Another key piece is the fact that What’s App has moved into the subscription realm. As more offerings move behind a paywall, the lessons that can be learned from What’s App success in subscription could prove invaluable to its owners. The data is certainly not available to those who are not and if subscription-based usage come further into the market, those with real data are in the driver’s seat.

While Google has huge development teams working on disparate products and they still go out and acquire business that fit their portfolio, it should come as no surprise that others shouldn’t do the same.  Google has long been less defined by their search product than their suite of technologies that assist in many parts of consumers’ lives.  Facebook should not be any different.

The great thing about technology development (or any business development, really) is that code and process can be duplicated in other areas – if done correctly. Just because someone makes it big with an app or single product doesn’t mean that should be the end-all – no matter how successful it is. There is no such thing as growth while remaining flat. Any company with flat growth is actually shrinking. Once the business survives its start-up phase, growth is the hardest part. It doesn’t matter who you are or what technology you created. Sometimes you just have to grow by acquisition.

Who knows if the $19B is too much for What’s App. Looking at the $10B value associated with Instagram after Facebook paid a “measly” $1B for it, we can’t underestimate Facebook. There’s a clear reason why What’s App’s investor, Sequoia Capital thought it was worth it. The reality is that new technology companies and the products they launched with have matured more quickly, perhaps, than any other businesses in the world. We’ve got to stop being narrow-minded in our judgement of why they should be any different from any other traditional business.

Digital Upgrade At Your Own Risk – Brand Be Damned!

It seems that many apps and digital offerings have been updated since the beginning of the year – and an interesting trend has taken shape. What once was so wonderfully free – with few ad breaks and just slightly more privacy – has turned the corner and has become, well… less. Additionally, a huge sector of mobile users that excitedly upgraded to Android 4.3 before the end of the year have only further lamented the multitude of issues they’ve encountered since (with battery life reducing drastically being a consistent theme).  All of this leads to the question – To Upgrade or Not To Upgrade?  Unfortunately, in many instances, the consumer never gets the chance to question and the brand is damned to stumble.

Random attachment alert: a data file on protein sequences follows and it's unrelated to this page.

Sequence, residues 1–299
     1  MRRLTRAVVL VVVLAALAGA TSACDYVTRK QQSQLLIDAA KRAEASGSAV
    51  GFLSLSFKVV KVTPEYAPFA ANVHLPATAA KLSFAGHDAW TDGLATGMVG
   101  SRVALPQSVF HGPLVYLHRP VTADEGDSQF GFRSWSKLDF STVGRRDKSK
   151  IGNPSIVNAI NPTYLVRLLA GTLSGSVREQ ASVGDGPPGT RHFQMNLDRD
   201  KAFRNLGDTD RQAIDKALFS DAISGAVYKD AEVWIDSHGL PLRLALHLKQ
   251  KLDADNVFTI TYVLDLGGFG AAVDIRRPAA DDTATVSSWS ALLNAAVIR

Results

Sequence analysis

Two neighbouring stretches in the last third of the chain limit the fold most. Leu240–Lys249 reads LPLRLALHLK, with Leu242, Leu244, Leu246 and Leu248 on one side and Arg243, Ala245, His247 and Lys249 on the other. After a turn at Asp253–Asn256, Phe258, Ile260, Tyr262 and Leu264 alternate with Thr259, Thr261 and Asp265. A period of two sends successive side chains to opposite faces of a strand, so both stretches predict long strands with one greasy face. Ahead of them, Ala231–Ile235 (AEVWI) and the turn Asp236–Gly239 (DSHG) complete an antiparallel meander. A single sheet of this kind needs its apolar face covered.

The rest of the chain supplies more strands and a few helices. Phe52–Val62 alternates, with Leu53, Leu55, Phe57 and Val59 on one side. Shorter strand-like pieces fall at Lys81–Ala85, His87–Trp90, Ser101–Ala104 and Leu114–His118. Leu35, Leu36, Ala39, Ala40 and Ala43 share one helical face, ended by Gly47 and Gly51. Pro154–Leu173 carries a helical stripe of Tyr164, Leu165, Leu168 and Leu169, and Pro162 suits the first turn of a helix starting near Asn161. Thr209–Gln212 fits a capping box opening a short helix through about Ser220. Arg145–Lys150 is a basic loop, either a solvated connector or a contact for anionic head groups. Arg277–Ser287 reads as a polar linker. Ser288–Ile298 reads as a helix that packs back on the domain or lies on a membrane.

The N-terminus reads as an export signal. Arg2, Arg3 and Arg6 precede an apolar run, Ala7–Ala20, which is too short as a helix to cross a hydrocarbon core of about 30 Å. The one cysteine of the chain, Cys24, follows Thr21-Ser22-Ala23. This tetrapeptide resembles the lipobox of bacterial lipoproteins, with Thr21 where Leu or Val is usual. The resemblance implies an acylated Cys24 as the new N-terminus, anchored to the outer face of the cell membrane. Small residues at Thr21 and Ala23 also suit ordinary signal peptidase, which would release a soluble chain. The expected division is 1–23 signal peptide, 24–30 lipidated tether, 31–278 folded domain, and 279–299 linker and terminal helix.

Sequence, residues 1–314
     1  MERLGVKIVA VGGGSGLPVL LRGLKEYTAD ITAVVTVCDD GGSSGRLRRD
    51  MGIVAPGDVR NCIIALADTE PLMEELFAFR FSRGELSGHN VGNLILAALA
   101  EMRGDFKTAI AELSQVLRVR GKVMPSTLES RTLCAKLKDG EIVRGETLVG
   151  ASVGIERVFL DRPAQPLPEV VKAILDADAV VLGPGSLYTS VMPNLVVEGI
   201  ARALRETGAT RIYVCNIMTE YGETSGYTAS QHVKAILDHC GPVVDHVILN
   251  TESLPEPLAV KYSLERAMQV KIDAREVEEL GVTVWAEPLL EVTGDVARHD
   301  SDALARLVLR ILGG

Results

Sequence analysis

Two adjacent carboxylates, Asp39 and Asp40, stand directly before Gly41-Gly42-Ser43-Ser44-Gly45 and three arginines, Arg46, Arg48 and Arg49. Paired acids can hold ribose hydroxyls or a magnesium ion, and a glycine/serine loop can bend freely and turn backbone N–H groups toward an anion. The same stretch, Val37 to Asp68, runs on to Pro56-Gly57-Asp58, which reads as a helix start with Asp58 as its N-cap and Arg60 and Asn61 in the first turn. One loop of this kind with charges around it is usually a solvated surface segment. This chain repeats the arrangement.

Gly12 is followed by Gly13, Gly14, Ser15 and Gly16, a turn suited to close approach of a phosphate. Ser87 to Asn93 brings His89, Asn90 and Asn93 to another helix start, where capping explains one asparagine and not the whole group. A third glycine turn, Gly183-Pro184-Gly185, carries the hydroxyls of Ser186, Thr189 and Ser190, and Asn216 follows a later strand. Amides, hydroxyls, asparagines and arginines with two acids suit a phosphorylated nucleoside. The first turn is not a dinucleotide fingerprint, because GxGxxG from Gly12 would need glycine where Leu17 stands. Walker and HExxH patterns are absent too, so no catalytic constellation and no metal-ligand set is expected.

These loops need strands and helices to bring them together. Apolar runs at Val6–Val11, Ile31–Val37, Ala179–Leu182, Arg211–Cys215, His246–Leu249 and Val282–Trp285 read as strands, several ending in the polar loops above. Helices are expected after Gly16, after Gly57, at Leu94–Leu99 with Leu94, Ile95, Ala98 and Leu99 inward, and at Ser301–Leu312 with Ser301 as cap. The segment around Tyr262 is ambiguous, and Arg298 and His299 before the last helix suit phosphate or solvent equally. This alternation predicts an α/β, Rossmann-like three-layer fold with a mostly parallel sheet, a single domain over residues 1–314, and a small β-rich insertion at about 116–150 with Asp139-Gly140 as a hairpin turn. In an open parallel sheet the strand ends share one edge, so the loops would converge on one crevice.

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The gray area is meant to have content served within.

 

In the case of ESPN, they chose to re-brand their scores and news app to be more aligned with their colossal SportsCenter brand – changing it from Scorecenter to SportsCenter. That change makes sense – as does the twitter feed from their on-air personalities.  What’s more challenging is that the app is much more volatile (see above) with nothing showing much of the time.  Even more annoying is the fact that users now have to log in or register in order to automatically keep track of their favorite teams. For most, this might not be an issue, but for those trying to hold on to the last piece of privacy, that component might be a deal breaker. The fact that there’s now far more advertising with page overlays and in-feed ads only adds salt to the wound.

Diminished revenue generation is definitely an issue for all content providers, but it will be interesting to see how conversion plays out as more and more previously free apps move into the paid model. Since the new year, at least 4 of my news apps have moved behind a paywall – with only headlines available for free – rendering it useless. Hopefully, we’ll soon see the ramifications – one way or the other – on this change soon. We’ll definitely see if people have an appetite for paying in multiple places for content.

Even in the free realm, questionable choices have been made:

  • ABC force upgraded the app leaving users with a lot less content choices and a lot more ill will. Checking the ratings on the App Store and Google Play shows a very large distaste for something that was the standard bearer for innovative video presentation. With the previous usage and inability to skip through commercials, it made sense.  Who knows what will happen now.
  • Yahoo! changed their mobile product to supposedly simplify their content delivery. The only problem is that the UI leads one to believe that if they click on search, they’ll be able to search within the category (i.e.,Entertainment, Sports, Life), only to find that it takes them out of the app environment and to their general search interface.
  • Sporting News is struggling to keep from crashing as they deal with issues stemming from iOS 7 in their newest update. The fix might come with the supposed release of iOS 7.1 in March, but that brings us to the next issue.

With all of the concerns users have with upgrading already – and the worries of what they will have to learn or not have access to – is the update to iOS 7.1 or Android’s 4.4 KitKat one that people will venture into widely or quickly?  Microsoft is having it’s own issues getting consumers to upgrade Windows OS – especially as people realized how much was still left to be done with each release. Is the same lack of concern for the user experience – and the interest of meeting ambiguous deadlines worthwhile for consumers who are quick to pull the trigger and move elsewhere? A concern is that, among developers, there is an excuse permeating that everyone expects issues. How sad is that?